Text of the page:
Windows by default has a mechanism to notify a user when the password is going to expire. By default Windows will start notifying the user 14 days before the password really expires and must be changed. The default value is affective when no other value has been configured in some GPO in AD. If you want to configure a value in a GPO, you can do so using the GPO setting as shown in the picture below. Or go to this link. The GPO that can be used is any GPO (it does not need to be the Default Domain GPO or the Default Domain Controllers GPO) targeted at a set of AD clients that should honor that specific setting. In other words, you could have a GPO targeting client computers in EMEA to notify users that logon to those computers 10 days before their password expires and another GPO targeting client computers in APAC to notify users that logon to those computers 20 days before their password expires.
So when the user logs on to the client computer the following notification is shown like in the picture below.
However, this setting only applies to interactive logons or TS logons at AD clients (workstations, servers, DCs). It does not apply to other type of logons. In addition, OWA may notify you when using it that your password will expire. However, there exist tons of other reasons and scenarios for which it is interesting to notify a user the password is going to expire. One of the scenarios is a consultant working for a client. The consultant uses his own computer that is not a member of the AD of the client. The consultant however does have a user account in the AD of the client (which is also mailbox-enabled) and from time to time the password must be changed according to the password policy. So, how are you going to notify that user to change its password without the password suddenly expiring? One way is to use a mechanism that e-mails the user with instructions. However that mechanism does not exist by default in AD. You either need to buy something or create something yourself. Another way is to use the tool/script that I provide in this post as an attachment.
The tool 'ADPwdExpNotify.exe' uses an INI file 'ADPwdExpNotify.ini' that needs to be configured prior to the usage of the tool in your environment. Environment specific information must be provided like AD domain name, FQDN DC, FQDN mail server, etc. In addition you can configure the script to log actions to a log file and create a CSV for the accounts for which a notification is generated. An interesting feature is that it is possible to configure the tool to either run in TEST mode or PROD mode. In TEST mode, 1 recipient will receive all notifications by e-mail for all users for which the script determined a notification must be generated. In PROD mode, EACH recipient will receive a notification by e-mail. This way you can test the tool for an amount of time you feel that is required to test the tool. After that you just change the MODE from TEST to PROD in the INI file and the users will start to get their notifications by e-mail if their password is about the expire (taking the notification period into account that has been configured in the INI file).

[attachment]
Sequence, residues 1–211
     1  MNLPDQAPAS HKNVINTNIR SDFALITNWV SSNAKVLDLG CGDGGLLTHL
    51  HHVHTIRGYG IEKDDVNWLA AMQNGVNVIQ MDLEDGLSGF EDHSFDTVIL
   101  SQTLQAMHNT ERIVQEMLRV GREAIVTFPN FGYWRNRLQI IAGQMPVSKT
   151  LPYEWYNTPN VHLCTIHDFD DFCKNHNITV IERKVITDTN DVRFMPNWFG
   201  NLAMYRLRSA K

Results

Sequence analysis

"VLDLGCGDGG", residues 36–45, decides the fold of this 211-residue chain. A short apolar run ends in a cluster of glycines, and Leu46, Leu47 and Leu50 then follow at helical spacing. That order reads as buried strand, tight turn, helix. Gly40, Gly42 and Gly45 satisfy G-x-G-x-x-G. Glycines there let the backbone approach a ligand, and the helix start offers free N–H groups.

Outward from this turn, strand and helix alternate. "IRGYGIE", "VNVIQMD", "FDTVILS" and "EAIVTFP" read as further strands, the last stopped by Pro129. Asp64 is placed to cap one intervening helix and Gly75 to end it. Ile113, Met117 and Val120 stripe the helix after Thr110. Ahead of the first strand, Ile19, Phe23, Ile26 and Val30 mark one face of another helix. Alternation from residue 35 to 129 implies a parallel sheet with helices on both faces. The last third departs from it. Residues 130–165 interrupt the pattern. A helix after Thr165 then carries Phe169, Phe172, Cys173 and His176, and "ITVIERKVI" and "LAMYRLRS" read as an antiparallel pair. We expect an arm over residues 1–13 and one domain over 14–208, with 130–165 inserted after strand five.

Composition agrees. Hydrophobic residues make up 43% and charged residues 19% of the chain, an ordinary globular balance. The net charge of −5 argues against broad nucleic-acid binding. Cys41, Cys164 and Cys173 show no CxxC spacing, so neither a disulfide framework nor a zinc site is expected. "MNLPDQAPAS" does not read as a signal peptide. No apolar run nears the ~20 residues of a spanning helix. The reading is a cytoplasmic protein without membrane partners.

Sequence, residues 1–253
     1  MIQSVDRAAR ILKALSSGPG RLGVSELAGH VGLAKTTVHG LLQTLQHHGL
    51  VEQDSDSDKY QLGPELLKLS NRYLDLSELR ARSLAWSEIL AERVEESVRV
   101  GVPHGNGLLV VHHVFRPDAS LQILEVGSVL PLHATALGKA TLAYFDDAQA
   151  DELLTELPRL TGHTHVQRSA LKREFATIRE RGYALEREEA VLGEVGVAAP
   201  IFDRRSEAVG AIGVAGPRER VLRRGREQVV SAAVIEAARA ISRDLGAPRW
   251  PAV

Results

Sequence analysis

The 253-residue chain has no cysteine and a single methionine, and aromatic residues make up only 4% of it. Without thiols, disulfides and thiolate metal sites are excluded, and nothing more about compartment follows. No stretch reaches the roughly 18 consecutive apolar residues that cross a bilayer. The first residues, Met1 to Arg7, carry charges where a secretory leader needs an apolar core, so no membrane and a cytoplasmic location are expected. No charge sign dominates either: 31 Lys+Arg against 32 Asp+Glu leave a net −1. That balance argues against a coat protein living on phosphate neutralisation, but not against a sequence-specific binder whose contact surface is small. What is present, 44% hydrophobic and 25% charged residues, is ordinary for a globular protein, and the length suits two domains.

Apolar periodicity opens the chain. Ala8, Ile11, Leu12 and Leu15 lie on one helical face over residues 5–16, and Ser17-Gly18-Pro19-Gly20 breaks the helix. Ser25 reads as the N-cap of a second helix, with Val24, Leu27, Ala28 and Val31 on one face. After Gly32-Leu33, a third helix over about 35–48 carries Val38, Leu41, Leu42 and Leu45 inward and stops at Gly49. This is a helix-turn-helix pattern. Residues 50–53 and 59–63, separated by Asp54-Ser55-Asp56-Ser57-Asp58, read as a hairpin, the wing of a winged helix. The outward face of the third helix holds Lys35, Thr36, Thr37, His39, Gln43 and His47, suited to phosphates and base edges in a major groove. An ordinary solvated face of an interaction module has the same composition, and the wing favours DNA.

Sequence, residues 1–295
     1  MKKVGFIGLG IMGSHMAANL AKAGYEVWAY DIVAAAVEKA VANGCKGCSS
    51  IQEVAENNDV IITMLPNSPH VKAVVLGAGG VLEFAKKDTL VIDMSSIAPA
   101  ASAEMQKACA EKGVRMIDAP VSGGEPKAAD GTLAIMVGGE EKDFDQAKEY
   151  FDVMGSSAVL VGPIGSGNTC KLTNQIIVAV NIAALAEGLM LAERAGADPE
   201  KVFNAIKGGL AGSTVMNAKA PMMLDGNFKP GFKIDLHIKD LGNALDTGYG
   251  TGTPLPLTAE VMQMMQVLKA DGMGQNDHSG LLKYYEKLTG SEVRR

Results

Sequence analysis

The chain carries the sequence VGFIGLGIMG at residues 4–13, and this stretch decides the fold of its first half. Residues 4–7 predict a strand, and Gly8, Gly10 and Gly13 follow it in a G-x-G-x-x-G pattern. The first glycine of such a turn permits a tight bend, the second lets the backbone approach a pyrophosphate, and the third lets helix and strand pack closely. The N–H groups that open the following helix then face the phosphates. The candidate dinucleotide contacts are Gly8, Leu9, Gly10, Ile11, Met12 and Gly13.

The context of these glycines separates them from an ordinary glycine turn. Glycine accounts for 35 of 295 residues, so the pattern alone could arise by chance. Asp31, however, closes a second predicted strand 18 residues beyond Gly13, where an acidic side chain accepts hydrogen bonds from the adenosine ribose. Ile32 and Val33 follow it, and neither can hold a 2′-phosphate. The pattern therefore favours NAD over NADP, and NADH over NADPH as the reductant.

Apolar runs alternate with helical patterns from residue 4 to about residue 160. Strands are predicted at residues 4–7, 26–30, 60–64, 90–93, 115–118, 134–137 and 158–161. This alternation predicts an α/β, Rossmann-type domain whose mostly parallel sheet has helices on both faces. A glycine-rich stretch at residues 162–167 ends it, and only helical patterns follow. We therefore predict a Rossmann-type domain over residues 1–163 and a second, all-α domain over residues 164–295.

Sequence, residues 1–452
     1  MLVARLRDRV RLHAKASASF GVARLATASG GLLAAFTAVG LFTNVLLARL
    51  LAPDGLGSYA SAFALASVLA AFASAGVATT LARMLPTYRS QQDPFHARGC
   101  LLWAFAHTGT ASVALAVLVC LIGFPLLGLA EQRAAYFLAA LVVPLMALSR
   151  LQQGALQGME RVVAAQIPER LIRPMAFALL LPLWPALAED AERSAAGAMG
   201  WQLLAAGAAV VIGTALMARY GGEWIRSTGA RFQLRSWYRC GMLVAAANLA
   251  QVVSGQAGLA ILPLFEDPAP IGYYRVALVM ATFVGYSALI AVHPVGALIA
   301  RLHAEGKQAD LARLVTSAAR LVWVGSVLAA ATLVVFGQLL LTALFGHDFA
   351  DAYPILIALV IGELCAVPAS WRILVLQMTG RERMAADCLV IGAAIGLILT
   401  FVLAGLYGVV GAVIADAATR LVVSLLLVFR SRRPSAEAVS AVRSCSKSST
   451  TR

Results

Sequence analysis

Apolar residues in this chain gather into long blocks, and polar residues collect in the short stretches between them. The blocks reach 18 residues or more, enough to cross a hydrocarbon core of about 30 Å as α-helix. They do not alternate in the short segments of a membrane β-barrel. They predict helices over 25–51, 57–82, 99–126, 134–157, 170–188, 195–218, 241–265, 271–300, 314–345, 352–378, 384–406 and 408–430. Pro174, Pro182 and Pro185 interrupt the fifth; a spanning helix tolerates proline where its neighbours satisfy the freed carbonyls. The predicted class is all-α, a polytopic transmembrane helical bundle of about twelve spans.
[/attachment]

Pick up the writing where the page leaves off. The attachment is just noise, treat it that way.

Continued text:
You need to have an account in AD that is mailbox-enabled to that it is accepted as a sender. My suggestion would be to execute the tool using a scheduled task. For the credentials you can use a normal user account without ANY special permissions. However, if something goes wrong an event is written to the System Event Log and for that the account must have permissions to write to the System Event Log. If you use some monitoring tool you could monitor for these events to see if the tool is working as it should.
Below you see the output to a log file and to the screen when logging has been enabled in the INI file
Below you see the creation of a CSV file when it has been enabled in the INI file
Below you see an example of the e-mail notification a user will get. It can then use CTRL+ALT+DEL to change the password in the AD domain or leverage the password change screen in OWA. The INI file contains examples links for the OWA Password Change URL in E2K3 and E2K7.